The Meyerowitz Stories (New And Selected)

***

Reviewed by: Richard Mowe

The Meyerowitz Stories
"The film is structured as a series of stories with different characters predominating in each but this has the effect of making it seem more protracted than it should be."

There’s something very pleasurable and familiar about Noah Baumbach’s intergenerational tale of adult siblings, as we watch them contend with the influence of their ageing father incarnated by the mischievous and at times malevolent Dustin Hoffman.

It is the second Netflix film of the Cannes Film Festival, after Okja - and it could happily sit on a television screen without much compromise.

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With its New York Jewish humour to the fore, it could easily have been by Woody Allen - and if the ageing auteur had been on form then you suspect it would have been that much slicker and to the point.

Baumbach, especially in the first section, does not know when to stop but there are enough involving turns from the cast - besides Hoffman there is the unlikely pairing of Ben Stiller and Adam Sandler as the two estranged brothers finally coming to understanding and Emma Thompson as the wife contending with the bottle and being given brides by her husband to stay off the wagon (like a swimming pool at their country retreat). Elizabeth Marvel is the daughter whose traumatic youthful encounter with a lecherous family friend seems to have marked her for life.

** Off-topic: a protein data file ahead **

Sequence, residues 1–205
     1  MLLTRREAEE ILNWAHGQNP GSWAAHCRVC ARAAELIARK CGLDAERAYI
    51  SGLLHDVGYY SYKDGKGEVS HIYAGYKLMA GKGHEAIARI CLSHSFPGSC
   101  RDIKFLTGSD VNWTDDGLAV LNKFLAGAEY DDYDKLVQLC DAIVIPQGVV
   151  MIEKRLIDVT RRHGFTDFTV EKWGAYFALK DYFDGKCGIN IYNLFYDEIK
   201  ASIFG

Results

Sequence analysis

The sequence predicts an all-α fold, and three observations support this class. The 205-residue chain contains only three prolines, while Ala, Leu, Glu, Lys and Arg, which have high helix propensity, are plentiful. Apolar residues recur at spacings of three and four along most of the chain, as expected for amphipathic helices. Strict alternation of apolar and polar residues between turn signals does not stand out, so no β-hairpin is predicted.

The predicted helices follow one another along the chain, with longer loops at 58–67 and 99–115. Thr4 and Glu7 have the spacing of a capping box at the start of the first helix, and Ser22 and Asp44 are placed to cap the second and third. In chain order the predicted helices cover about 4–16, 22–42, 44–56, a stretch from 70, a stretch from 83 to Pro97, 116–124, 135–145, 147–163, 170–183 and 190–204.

Hoffman’s Harold Meyerowitz is a typical cantankerous patriarch who feels his work as a sculptor has never been fully appreciated - either professionally or by the family. His marriages have never really worked out either. Danny (Adam Sandler) appears to have inherited the family trait with a divorce from his wife in the offing now that his daughter (Grace Van Patten) has left home for college.

The film is structured as a series of stories with different characters predominating in each but this has the effect of making it seem more protracted than it should be.

Baumbach, you sense, feels very much at home with this material and his work with his actors has helped to paper over any cracks. For a Netflix night in, this certainly passes muster. For a prime slot in a major Festival it may be stretching its worth.

Reviewed on: 21 May 2017
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Comedy drama about a family who gather in New York to celebrate the work of their dad.

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